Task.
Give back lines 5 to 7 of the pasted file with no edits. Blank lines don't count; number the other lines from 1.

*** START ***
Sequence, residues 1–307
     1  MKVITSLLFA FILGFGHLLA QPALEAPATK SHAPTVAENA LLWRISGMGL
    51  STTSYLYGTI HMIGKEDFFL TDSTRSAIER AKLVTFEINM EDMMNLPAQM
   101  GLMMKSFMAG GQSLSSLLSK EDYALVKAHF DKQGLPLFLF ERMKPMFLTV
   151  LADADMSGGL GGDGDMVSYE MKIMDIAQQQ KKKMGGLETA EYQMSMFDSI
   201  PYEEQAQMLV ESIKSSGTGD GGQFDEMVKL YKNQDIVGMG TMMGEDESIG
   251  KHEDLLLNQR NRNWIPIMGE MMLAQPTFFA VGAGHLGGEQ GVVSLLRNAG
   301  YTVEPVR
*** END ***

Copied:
   151  LADADMSGGL GGDGDMVSYE MKIMDIAQQQ KKKMGGLETA EYQMSMFDSI
   201  PYEEQAQMLV ESIKSSGTGD GGQFDEMVKL YKNQDIVGMG TMMGEDESIG
   251  KHEDLLLNQR NRNWIPIMGE MMLAQPTFFA VGAGHLGGEQ GVVSLLRNAG